Instructional Strategies, Teaching Tips and Tricks

Tuesday, August 15, 2017

A Case for Madeline Hunter, FISH! and Twenty-first Century Learning

Educational practices ebb and flow as instructional strategies come in and out of fashion. What never is out of fashion, however, is the need for active participation and engagement, formative assessment and well-trained teachers who believe in their students and are able to take these malleable minds and help them to understand that they are smart and that they can learn - yes the very popular growth mindset.

The Madeline Hunter Method

Dr. Madeline Hunter was a professor and guru of teacher education, at UCLA, and the creator of the the Instructional Theory Into Practice model of teacher. Most famously she developed an ingenious model of direct instruction and student engagement - often referred to as the Madeline Hunter Method that, with very few modifications - is perfect for today's classroom. Madeline Cheek Hunter (1916–1994)

Schools of FISH!

FISH! or the FISH Philosophy began at Pike's Place Fish Market, in Seattle, Washington, and was conceived to energize and motivate businesses - next came FISH! for Schools -this amazing multi-part professional development series, with hardback book and teacher journal - is a must do for all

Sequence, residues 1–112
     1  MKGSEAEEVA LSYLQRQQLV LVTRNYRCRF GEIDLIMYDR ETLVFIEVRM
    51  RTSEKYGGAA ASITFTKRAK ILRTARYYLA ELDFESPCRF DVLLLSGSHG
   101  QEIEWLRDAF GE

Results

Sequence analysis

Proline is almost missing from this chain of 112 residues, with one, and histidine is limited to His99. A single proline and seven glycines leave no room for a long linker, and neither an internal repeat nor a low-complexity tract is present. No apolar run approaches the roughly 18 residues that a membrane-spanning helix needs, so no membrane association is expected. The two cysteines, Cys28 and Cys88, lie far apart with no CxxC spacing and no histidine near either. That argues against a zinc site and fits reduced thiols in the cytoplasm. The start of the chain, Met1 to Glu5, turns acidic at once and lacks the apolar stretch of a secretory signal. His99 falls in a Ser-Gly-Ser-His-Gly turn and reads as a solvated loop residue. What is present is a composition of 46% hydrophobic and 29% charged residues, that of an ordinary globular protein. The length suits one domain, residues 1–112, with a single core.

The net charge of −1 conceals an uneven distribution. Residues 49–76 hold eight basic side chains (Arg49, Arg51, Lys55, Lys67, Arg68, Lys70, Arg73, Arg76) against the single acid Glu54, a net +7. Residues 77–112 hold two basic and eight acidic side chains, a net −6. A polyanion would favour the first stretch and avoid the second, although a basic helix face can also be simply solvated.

Fish Philosophy

BIRDWALK: Call to all educators out there in charge of PD - FISH! for Schools can be purchased here!

The basic tenants follow the FISH! formula:
  • Choose Your Attitude: No matter what the day throws at you, you can choose how to respond.
  • Be There: When people need you, they need all of you, be fully present.
  • Make Their Day: Find ways to value people.
  • Play: Bring a spirit of enthusiasm, creativity and fun to work. You'll accomplish more.

Before I put forth my combined version - I must reiterate - participate in Schools of FISH! or at least buy and red the book! 

My Combination

Here goes: I have used the following in my classrooms with much success. I have also trained teachers - again with much success. The objective for this instructional practices set - is to combine the essential elements of the Madeline Hunter Method and Schools of FISH!